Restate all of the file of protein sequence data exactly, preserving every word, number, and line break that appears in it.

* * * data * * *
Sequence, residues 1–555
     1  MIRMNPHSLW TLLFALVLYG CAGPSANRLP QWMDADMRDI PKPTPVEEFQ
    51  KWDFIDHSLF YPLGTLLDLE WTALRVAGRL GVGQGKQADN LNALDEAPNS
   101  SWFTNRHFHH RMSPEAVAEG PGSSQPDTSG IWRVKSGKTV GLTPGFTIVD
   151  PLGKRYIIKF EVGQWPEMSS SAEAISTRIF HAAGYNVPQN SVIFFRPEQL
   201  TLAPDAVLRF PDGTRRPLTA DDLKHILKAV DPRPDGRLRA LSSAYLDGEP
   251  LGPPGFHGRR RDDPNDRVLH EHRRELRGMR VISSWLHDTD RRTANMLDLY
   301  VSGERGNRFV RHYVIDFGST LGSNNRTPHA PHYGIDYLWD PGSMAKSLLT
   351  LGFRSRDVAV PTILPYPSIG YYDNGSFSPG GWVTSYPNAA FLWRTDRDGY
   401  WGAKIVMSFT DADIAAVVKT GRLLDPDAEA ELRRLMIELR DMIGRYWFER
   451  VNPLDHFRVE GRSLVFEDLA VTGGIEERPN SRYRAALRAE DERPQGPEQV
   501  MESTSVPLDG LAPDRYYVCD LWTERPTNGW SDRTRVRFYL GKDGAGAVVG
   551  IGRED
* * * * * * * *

Sequence, residues 1–555
     1  MIRMNPHSLW TLLFALVLYG CAGPSANRLP QWMDADMRDI PKPTPVEEFQ
    51  KWDFIDHSLF YPLGTLLDLE WTALRVAGRL GVGQGKQADN LNALDEAPNS
   101  SWFTNRHFHH RMSPEAVAEG PGSSQPDTSG IWRVKSGKTV GLTPGFTIVD
   151  PLGKRYIIKF EVGQWPEMSS SAEAISTRIF HAAGYNVPQN SVIFFRPEQL
   201  TLAPDAVLRF PDGTRRPLTA DDLKHILKAV DPRPDGRLRA LSSAYLDGEP
   251  LGPPGFHGRR RDDPNDRVLH EHRRELRGMR VISSWLHDTD RRTANMLDLY
   301  VSGERGNRFV RHYVIDFGST LGSNNRTPHA PHYGIDYLWD PGSMAKSLLT
   351  LGFRSRDVAV PTILPYPSIG YYDNGSFSPG GWVTSYPNAA FLWRTDRDGY
   401  WGAKIVMSFT DADIAAVVKT GRLLDPDAEA ELRRLMIELR DMIGRYWFER
   451  VNPLDHFRVE GRSLVFEDLA VTGGIEERPN SRYRAALRAE DERPQGPEQV
   501  MESTSVPLDG LAPDRYYVCD LWTERPTNGW SDRTRVRFYL GKDGAGAVVG
   551  IGRED